Kingdom of Paradise - Staff Review  

It's a Trap!
by Billy "madhtr" Young

Easy to Confusing
12 to 20 hrs.


Rating definitions 

   Once upon a time, Sony sought out Climax to develop a role-playing game for the PlayStation Portable. This particular game was titled Tenchi no mon in Japan, Kingdom of Paradise in North America, and Key of Heaven in Europe. The game had a lot of potential and started off well enough, but it didn't take long for things to go downhill. Sadly, this game ended up not being worth the time and effort used to release it.

   The first thing players will notice when booting up this game is that the music can, at times, be very piercing. Some of the tracks in the game are catchy and interesting, but, for the most part, the music is forgettable and overall doesn't help the game. Sound effects are noticeably off, such as footsteps that make noise in between the actual steps.

   The voice acting in the game is another section that started off well and eventually fell over. Considering the names of the voice actors, it would seem that this game just suffered from poor voice direction. Sometimes statements were turned into questions and simple statements drawn out into howls that sounded like beasts in a forest. This section was even more disappointing after reading the manual and seeing the voice talent they had to work with.

   The battle system is easy to get used to but can be confusing at times. Some enemies can only be attacked with certain weapons or chi attacks, and most of the time you don't know this. The only way you can see this is by the health bars over the enemies and you get to guess why it's not going down. Players will find that the easiest way to survive battles in this game is to either run up to enemies, attack, run away, and repeat or to just level up all of the chi to their max levels and continue spamming them.

   Graphically, the game doesn't even really stand up to other non-RPG PSP titles. At points, the game shows players what the PSP can do, but, for the most part, it keeps the game well below expectations. Sadly, this game is still probably one of the better looking PSP role-playing experiences, which is not saying much.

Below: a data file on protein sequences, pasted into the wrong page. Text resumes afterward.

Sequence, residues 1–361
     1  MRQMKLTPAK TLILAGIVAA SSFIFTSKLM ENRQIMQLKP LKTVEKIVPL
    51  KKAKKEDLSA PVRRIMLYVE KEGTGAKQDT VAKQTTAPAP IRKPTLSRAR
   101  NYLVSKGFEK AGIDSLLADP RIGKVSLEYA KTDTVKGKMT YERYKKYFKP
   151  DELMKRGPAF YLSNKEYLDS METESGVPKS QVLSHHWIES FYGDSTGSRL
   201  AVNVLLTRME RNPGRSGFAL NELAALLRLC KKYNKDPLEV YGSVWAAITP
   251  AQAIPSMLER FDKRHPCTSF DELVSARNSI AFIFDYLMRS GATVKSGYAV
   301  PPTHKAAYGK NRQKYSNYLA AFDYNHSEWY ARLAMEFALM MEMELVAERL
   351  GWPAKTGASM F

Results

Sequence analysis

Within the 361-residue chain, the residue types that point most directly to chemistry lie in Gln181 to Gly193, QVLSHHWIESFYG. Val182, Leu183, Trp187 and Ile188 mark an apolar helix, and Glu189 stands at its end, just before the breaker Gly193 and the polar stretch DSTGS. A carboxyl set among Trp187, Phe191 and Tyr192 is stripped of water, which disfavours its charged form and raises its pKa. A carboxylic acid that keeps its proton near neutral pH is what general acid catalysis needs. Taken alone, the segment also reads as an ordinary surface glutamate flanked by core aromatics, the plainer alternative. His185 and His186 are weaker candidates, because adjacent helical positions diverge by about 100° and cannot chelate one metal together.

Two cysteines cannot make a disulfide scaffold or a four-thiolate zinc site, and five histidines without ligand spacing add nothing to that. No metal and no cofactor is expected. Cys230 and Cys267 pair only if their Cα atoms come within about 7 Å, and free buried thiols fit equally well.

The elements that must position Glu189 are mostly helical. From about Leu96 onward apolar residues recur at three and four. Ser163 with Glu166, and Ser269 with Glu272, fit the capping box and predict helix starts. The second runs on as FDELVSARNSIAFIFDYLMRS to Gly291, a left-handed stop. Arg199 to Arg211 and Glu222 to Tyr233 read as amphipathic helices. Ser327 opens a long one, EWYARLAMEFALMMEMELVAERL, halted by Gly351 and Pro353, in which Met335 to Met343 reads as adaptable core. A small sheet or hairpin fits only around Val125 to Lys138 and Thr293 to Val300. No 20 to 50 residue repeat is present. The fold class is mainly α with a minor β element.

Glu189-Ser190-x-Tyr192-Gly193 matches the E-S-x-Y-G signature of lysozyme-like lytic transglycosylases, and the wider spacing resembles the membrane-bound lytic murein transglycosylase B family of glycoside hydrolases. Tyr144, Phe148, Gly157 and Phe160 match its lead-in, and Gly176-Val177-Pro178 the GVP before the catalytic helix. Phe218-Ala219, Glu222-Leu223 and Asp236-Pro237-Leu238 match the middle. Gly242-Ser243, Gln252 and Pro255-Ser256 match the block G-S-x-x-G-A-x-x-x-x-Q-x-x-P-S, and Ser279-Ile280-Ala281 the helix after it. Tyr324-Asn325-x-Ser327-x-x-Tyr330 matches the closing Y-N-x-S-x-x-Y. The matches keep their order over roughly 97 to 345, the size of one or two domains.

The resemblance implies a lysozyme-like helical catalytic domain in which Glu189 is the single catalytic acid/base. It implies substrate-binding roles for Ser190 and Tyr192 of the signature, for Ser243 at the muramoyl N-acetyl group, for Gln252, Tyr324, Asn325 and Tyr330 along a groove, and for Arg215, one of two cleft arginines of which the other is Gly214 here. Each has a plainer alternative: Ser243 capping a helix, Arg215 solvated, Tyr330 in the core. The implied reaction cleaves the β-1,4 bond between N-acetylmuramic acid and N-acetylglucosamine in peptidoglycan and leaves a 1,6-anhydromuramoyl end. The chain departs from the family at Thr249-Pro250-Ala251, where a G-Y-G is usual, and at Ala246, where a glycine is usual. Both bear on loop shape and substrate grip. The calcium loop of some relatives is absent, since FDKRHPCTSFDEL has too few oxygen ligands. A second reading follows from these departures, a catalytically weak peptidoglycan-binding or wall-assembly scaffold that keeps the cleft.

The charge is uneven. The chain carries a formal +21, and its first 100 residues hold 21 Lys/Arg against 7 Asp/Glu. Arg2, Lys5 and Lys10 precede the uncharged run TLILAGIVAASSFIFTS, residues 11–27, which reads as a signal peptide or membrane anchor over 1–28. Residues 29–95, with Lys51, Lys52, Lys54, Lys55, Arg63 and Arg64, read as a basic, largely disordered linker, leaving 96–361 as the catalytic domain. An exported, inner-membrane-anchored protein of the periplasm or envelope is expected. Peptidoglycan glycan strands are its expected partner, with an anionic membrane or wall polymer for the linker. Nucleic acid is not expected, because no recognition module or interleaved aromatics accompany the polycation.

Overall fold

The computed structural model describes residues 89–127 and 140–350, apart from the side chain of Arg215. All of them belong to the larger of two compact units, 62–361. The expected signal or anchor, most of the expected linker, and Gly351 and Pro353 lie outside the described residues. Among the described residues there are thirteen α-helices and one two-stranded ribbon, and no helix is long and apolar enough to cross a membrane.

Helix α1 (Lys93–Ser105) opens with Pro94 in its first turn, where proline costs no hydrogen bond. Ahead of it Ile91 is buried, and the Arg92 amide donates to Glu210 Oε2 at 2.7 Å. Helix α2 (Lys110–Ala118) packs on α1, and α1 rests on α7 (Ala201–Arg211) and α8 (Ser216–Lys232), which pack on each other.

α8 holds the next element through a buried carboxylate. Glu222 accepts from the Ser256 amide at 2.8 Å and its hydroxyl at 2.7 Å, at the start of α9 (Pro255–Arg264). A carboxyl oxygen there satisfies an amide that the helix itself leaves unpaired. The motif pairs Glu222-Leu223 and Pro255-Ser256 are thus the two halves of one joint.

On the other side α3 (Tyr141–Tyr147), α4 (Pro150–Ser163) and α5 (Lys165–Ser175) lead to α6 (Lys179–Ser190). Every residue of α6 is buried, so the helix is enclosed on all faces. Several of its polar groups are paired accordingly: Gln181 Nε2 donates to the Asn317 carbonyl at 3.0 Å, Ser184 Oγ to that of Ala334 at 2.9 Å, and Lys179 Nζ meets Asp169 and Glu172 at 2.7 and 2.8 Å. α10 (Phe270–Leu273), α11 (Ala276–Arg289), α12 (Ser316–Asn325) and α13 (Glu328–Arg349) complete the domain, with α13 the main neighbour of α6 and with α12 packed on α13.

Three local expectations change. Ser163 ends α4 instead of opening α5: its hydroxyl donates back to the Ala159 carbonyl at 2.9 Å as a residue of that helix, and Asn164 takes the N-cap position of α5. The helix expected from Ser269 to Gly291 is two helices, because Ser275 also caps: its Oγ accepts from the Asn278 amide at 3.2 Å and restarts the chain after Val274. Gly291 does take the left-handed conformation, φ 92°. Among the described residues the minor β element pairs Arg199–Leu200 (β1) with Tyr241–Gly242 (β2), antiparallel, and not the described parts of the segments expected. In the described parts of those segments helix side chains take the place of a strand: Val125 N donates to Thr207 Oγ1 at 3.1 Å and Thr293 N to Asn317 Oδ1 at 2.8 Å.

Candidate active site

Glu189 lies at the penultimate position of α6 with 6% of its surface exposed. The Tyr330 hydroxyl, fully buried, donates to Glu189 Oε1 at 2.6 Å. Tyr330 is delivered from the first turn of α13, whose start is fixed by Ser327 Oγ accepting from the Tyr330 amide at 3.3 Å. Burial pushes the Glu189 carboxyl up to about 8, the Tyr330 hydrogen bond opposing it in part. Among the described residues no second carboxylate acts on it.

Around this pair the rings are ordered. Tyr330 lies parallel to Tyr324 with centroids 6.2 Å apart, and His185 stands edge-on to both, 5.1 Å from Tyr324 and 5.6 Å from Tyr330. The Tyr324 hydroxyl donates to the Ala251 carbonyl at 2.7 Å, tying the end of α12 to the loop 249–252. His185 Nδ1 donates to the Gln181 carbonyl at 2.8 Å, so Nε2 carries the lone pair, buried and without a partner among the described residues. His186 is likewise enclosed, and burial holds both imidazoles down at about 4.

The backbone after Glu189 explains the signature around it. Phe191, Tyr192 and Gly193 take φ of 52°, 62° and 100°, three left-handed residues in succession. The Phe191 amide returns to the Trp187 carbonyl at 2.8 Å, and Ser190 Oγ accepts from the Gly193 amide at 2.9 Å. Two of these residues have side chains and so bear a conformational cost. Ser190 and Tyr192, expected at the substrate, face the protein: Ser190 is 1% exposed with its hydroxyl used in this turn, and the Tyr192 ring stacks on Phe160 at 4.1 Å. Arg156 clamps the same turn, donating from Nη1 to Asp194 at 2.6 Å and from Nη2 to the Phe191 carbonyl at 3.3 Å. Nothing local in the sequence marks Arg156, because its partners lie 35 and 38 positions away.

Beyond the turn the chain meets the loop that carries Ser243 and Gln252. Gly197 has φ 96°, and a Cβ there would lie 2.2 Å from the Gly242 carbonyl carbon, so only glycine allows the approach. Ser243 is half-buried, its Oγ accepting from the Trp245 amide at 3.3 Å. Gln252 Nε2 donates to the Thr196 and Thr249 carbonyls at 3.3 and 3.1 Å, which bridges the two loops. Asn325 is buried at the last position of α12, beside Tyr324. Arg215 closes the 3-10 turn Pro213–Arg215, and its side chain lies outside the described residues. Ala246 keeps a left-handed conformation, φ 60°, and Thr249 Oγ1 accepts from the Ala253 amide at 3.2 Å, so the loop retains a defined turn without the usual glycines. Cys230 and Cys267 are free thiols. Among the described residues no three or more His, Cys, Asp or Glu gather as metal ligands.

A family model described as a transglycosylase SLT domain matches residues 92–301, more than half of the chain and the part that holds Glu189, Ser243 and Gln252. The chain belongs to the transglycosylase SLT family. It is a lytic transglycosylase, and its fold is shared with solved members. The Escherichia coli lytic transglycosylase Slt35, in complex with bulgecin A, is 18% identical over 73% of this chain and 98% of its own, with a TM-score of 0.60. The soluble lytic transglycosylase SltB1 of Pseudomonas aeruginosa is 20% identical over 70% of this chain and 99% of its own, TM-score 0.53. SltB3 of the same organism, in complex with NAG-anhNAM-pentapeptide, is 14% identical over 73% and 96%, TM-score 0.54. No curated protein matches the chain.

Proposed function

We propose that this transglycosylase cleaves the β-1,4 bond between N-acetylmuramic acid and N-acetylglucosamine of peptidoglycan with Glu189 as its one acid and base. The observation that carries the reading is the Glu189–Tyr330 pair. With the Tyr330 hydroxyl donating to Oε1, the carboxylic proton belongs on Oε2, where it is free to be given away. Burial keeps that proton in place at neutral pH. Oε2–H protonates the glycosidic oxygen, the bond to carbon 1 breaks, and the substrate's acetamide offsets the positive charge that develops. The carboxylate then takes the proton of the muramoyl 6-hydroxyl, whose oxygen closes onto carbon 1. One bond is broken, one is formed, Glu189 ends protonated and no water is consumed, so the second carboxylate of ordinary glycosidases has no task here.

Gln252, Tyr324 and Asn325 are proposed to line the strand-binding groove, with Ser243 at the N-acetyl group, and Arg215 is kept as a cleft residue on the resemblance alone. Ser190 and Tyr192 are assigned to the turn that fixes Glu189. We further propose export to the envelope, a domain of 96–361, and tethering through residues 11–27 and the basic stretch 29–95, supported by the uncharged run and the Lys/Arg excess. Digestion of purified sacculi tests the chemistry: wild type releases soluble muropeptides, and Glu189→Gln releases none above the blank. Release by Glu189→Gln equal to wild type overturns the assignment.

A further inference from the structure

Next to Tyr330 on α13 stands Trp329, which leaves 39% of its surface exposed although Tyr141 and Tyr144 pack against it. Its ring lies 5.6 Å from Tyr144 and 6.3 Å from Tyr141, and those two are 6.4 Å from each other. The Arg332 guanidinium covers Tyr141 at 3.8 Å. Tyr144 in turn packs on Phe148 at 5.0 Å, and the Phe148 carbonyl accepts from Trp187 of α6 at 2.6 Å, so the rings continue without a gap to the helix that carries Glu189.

Battle Skull and bones

   When referring to the story of this game, one could almost say that it would be better to shoot oneself in the foot than find out what happens next. The story starts off well enough, and then people start talking and interest is quickly lost. In the end, the story is confusing and leaves a bad taste in your mouth, and even the mouths of those people near you that might have caught a glimpse of the game.

   The continent of Ouka is sadly a small world that revolves around five different clans. The biggest disappointment about this is that supposedly this world has nine continents, though none of those are shown. Shinbu, the main character of the game, is the last member of his clan, and players will not be able to help but wish he was part of the massacre.

Building This is about as good as it gets

   The weapon system in this game is really the most confusing part of it. Players start out with the ginmei sword, and are then able to level that up or purchase new swords. The bad thing is that using the other swords means that players may not utilize chi arts that make the game easier. There are also enemies later on in the game that require players to use the ginmei sword to even damage them. This is not made clear by the game and is left to the player to figure out on their own.

   While some of the character and enemy designs are decent, many are just palate swapped versions of the same designs and in many cases; they are just the same model over and over again. Enemies attack in packs and most look exactly the same, only with different weapons from time to time.

   By this point, players will realize that they haven't really found anything good about the game. That is because once the game has started, the best part is when it ends. Of course, for those who found something they liked in the game, saving the game after the ending allows one to play the entire game again with what they ended the game with. Now, this is normally a good feature, but in this case it feels more like a punishment than it does a treat.

   Now, if this game feels familiar once playing it, that would be because other people have created similar titles, only better. If there is one thing that gamers take away from this review, it should be one thing: do not buy this game unless you are a masochist and/or a perfectionist. There are better games out there; you'll just have to look elsewhere.

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